Monday, 20 March 2017

AncestryDNA updates and the forthcoming new Genetic Communities feature

It was announced at Rootstech back in February that AncestryDNA are planning to launch a new Genetic Communities feature. See this blog post from the Ancestry Insider for details. I received a St Patrick's Day e-mail from AncestryDNA and it seems that the Communities feature is due to be launched at the end of March. The launch is conveniently timed to coincide with Who Do You Think You Are? Live which takes place in early April. Not all Ancestry customers have received the marketing e-mail and it seems to have been aimed at people in the UK and Ireland. According to the e-mail the "new Genetic Communities feature will map where your family may have lived across 19 different Irish areas, from Derry to Cork. But you're probably not 100% Irish - so we'll also identify the communities that you belong to around Britain and the rest of the world."  The e-mail includes a link to this landing page  which has a few additional details. .

I've been included in the beta-testing program for the new Communities feature but the version I currently I have on my account is not necessarily the finished product so I will report on this feature after the official launch. At present I'm in one community for Southern England but I suspect that there will be further refinements in due course.

In the meantime you can get a glimpse of some of the Irish Genetic Communities on Mike Mulligan's Ancestry Special, a special edition of the Irish TV programme The Late Late Show. The four guests, Maura Derrane, Eamon Dunphy, Jason Byrne and Michael Healy-Rae, were given their DNA results live on air by Mike Mulligan from AncestryDNA. The programme is available on the RTE Player until Sunday 17th April.

AncestryDNA have now published a Genetic Communities White Paper explaining the science behind the new feature, which is well worth a read. The AncestryDNA team have done a superb job explaining some quite complicated concepts in an easily understandable way.

If you want to learn more about the underlying research which led to the development of the Genetic Communities you can read the scientific paper Clustering of 770,000 genomes reveals post-colonial population structure of North America Nature Communications published in Nature Communications in February. The paper includes a 126-page Supplementary Discussion document which is an interesting read in its own right and includes lots of maps and some fascinating background information on migration patterns. If a lengthy scientific paper is not to your liking, Leah Larkin has written a handy blog post providing a useful summary of the paper.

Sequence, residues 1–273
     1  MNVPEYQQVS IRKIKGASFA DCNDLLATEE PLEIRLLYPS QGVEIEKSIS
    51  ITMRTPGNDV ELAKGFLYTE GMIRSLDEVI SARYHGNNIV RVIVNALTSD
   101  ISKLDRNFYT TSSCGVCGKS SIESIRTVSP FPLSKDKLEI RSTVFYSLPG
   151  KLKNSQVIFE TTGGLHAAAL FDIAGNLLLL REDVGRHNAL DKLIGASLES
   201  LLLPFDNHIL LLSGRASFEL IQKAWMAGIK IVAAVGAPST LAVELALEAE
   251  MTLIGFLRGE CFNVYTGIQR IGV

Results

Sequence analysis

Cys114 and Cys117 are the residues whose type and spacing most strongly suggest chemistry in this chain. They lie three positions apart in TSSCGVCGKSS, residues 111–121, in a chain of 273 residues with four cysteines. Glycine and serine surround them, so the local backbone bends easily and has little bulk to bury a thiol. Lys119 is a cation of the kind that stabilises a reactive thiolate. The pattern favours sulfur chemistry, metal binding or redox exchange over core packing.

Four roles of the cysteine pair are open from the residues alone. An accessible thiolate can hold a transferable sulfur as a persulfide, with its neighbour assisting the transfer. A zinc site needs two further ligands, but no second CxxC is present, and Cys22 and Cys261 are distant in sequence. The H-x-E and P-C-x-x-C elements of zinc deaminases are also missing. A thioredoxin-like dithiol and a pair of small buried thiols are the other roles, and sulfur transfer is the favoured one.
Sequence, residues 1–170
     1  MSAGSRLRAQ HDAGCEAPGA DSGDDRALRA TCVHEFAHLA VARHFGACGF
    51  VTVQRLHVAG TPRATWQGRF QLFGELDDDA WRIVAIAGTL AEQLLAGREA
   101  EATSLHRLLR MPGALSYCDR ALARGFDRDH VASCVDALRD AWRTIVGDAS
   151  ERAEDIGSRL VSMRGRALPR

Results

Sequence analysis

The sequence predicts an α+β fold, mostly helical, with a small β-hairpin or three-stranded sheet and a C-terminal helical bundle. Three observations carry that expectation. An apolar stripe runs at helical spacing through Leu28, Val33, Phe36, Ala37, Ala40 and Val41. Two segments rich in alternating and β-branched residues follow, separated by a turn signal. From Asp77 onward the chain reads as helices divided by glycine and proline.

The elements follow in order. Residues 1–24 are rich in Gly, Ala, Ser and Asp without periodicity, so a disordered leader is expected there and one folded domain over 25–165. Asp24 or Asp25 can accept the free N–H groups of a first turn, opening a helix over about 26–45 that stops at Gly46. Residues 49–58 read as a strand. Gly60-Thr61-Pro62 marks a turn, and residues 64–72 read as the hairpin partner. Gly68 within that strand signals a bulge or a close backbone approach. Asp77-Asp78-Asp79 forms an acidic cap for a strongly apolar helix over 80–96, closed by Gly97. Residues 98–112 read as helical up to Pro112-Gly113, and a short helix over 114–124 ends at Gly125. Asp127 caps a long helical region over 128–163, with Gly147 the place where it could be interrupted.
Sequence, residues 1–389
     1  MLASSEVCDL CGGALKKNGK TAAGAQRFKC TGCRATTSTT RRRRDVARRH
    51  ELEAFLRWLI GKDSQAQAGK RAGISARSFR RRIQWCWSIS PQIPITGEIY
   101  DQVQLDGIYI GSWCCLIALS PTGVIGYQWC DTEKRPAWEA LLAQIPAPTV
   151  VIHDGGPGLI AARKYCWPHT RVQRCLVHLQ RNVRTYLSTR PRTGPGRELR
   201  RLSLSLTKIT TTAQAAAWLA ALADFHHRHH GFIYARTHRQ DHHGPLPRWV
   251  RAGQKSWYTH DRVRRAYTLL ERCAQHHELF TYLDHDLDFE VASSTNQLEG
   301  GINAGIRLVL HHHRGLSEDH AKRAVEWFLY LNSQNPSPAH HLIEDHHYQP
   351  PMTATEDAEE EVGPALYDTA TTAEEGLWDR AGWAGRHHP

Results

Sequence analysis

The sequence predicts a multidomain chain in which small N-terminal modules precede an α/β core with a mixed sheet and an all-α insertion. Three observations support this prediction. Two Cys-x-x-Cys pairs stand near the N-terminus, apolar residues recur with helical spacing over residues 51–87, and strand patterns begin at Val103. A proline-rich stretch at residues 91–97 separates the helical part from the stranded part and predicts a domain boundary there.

It's interesting to note that AncestryDNA have filed a series of patents to protect their rights in this research.

AncestryDNA now also seem to be encouraging their customers to participate in research. This banner has just appeared on my Ancestry account.

When I click through I am taken to this page which encourages me to increase my level of participation in Ancestry research.

There is a new Informed Consent form for the Ancestry Human Diversity Project which was updated on 8th February 2017.

There is also what appears to be a new page on the Ancestry Privacy Principles, which serves as a gateway to all the privacy-related topics on the website. I was particularly interested to see this new page on AncestryDNA Research and Collaboration.

It is an individual decision whether or not to participate in research but whatever you decide make sure you read through all the forms in their entirety before making your decision.

See also the blog post from Judy Russell Update in AncestryDNA research consent.

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